About 800m off the coast of the small village of Anissaras near Hersonissos (Chersónissos) on the Greek island of Crete lies one of the most famous dive sites in the Mediterranean Sea. At the bottom of the Aegean Sea, at a depth of 24m, lays the well-preserved wreckage of a German World War II Messerschmitt Bf 109 fighter. The question is, was the German airplane shot down during "Operation Mercury" in May 1941?
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The Battle for Crete
Due to its geographical location, straddling the border of Europe with Africa and Asia, the Mediterranean island of Crete has always been an important site for foreign powers throughout history. WWII was no different. After the German invasion of Greece, British troops withdrew to Crete to hold the strategic island. For the British, the possession of the island was key for the defense of Egypt and Malta. What’s more, it was also an ideal starting point for naval and air operations against the Greek mainland, the Romanian oil fields of Ploiesti, Iraq and Italy’s crucial supply line from the Black Sea.
On the early summer of 1941, the German assault on Crete kicked off under the code name "Operation Mercury". The first step was sending a large contingent of German paratroopers to the Cretean settlements of Chania, Maleme, Rethymnon and Iraklion.
“Operation Mercury" - How Crete became the cemetery of German paratroopers
Low-flying Ju-52 transporter aircrafts were sent to Crete at dawn on May 20, 1941. Up to 7,000 paratroopers were brought by the transporters to their locations in one day alone. The soldiers were dropped above their operational targets in dense groups. This was the largest airborne operation in the history of war to date. However, the Allies were prepared, and the German soldiers landed in the middle of the Allied defensive forces. After none of the German task forces managed to take a Cretan airfield during the day, the command decided to concentrate all their forces around the Maleme airfield in northwest Crete. In order to take the airfield, the Germans had to tackle one of the island’s most important defensive sites, the nearby Kaukales mount, dubbed the “Hill 107”, which was defended with extreme tenacity by the 22nd New Zealand battalion. During the assault, German bombers (Stukas) continually attacked the small hill to relieve the paratroopers.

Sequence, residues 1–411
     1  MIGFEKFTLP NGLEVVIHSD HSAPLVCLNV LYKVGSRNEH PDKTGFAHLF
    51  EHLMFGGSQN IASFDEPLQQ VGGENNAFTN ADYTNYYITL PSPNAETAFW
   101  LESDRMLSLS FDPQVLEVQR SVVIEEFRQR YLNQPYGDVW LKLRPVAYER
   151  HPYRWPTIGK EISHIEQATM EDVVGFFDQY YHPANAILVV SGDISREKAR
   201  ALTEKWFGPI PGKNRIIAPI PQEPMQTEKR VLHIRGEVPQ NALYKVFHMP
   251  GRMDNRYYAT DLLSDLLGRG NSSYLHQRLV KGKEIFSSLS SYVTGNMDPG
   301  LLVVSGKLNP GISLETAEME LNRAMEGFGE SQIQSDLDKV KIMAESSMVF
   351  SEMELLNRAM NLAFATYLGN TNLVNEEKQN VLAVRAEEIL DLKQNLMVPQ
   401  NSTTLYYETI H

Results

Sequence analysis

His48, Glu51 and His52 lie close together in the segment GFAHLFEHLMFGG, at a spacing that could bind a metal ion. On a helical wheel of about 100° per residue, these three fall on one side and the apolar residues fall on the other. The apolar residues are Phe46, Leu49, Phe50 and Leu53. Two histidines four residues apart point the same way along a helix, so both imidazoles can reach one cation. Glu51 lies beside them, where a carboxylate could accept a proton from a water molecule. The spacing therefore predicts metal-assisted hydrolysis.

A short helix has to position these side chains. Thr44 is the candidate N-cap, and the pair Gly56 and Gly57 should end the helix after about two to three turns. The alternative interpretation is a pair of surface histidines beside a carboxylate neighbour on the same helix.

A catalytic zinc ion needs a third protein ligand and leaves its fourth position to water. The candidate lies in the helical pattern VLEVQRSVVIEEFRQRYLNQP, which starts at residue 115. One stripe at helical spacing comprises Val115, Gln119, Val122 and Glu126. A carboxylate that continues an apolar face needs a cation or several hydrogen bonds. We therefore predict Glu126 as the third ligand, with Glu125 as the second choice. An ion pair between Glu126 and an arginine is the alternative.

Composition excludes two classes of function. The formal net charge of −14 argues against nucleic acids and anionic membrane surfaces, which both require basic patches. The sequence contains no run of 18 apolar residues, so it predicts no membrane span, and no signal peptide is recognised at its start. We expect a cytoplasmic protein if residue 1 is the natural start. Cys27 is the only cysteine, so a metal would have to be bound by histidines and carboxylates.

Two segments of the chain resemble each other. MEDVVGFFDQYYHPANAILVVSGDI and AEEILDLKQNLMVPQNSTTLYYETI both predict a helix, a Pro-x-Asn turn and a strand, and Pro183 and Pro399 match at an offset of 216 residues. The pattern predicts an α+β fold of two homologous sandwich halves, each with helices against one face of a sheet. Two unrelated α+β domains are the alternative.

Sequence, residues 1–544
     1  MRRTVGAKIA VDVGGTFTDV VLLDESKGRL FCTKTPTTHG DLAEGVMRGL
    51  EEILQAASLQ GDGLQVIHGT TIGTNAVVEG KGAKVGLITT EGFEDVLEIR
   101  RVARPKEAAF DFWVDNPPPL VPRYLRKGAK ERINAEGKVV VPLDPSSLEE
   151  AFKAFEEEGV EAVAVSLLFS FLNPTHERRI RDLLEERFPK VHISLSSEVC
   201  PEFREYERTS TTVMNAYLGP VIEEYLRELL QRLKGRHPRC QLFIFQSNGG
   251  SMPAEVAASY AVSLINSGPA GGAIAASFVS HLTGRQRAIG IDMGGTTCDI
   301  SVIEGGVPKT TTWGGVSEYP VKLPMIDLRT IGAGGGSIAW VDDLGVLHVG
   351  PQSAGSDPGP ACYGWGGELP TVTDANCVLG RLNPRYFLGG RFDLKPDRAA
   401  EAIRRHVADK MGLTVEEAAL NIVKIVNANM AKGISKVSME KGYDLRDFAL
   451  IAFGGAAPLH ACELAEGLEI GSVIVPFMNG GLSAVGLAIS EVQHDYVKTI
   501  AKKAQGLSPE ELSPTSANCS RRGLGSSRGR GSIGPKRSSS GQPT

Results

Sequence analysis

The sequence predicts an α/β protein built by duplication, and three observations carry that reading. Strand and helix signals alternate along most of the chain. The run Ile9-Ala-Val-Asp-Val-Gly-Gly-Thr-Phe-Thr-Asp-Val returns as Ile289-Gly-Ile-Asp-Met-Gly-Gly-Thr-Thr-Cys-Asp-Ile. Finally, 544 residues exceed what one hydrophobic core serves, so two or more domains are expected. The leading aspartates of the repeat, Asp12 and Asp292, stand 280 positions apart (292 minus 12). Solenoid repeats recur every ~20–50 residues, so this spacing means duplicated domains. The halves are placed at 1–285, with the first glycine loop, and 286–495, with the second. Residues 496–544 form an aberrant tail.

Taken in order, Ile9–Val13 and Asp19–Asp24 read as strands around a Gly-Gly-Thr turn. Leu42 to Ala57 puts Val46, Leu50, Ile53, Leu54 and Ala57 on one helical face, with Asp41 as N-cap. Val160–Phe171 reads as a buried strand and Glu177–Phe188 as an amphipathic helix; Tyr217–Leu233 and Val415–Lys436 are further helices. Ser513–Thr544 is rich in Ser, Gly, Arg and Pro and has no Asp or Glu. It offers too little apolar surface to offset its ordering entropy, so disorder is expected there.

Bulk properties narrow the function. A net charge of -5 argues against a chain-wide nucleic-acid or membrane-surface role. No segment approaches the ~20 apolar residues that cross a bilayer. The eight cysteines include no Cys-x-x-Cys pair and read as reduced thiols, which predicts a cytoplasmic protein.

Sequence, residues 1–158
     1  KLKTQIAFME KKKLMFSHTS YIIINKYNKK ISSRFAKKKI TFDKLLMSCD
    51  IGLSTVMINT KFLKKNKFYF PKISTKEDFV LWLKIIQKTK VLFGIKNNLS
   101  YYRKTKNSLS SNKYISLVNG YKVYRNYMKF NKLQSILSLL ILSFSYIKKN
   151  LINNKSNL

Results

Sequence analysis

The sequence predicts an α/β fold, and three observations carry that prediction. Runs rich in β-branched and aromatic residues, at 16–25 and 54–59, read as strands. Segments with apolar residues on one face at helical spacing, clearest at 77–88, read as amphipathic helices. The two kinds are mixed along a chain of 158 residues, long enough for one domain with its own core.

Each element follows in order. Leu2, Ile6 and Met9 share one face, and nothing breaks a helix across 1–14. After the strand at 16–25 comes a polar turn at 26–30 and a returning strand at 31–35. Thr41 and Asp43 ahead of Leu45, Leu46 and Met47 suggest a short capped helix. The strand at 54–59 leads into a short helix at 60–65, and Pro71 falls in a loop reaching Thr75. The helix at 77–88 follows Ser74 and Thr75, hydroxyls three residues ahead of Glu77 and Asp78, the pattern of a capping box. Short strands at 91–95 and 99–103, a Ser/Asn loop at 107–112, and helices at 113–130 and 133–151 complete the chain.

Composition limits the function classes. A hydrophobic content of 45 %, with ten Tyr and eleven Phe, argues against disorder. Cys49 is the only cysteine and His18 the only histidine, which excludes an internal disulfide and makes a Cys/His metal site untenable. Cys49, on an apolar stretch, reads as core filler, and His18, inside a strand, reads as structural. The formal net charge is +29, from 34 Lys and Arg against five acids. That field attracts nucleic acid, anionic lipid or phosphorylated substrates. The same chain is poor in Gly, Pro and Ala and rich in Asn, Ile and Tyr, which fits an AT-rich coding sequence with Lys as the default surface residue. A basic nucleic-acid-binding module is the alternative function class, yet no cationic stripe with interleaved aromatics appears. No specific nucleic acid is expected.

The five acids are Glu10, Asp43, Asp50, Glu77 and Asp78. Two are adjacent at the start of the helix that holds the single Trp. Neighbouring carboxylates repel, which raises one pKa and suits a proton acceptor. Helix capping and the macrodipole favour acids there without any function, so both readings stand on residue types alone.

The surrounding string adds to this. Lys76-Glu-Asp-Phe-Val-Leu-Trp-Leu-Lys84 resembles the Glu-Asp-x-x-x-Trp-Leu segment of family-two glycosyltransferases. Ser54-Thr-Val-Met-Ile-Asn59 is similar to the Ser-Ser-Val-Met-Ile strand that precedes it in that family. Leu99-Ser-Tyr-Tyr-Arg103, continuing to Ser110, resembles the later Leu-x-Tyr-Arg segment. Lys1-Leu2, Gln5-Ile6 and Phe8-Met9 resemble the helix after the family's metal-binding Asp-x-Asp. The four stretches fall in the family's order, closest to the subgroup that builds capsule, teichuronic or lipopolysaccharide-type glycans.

The next day, on May 21, 1941, the first German crews managed to land on the Maleme runway. The runway was still under Allied fire, and the airfield soon started to resemble an aviation cemetery. The remains of the airplanes can still be visited today at a small private museum right next to the Maleme military cemetery. However, the Germans managed to secure the airfield, giving them a strategic edge over the Allies in Crete.
After the conquest of the Maleme airfield, mountain troopers and other German units arrived with ship transporters from Athens. Altogether some 22,000 German soldiers were deployed. The island was staunchly defended by 42,000 soldiers from Australia, New Zealand, Great Britain, and Greece, but unable to hold the island after heavy fighting, the Allies began to evacuate on the night of 28 May 1941, completing the operation on 1 June 1941. Around 15,000 of their soldiers were captured.
The Messerschmitt Wreck We See Today
During the invasion of Crete, the Germans employed many Messerschmitt Bf 109 fighter planes. The aircraft was the first air force fighter with retractable landing gear and the first all-metal aircraft in the world. It would become Germany’s standard fighter plane during the war. As far as we know, the aircraft just off the coast of Crete is a Messerschmitt Bf-109G-6/U5, essentially the same as the Bf 109 G-5, except for a few different design features; a single-seater fighter with a closed cockpit without a pressurized cabin. A light fighter, 8.94m in length with a wingspan of 9.92m, was developed further to have a new tail fin and larger rudder, making it the most built version of the Bf 109 G series.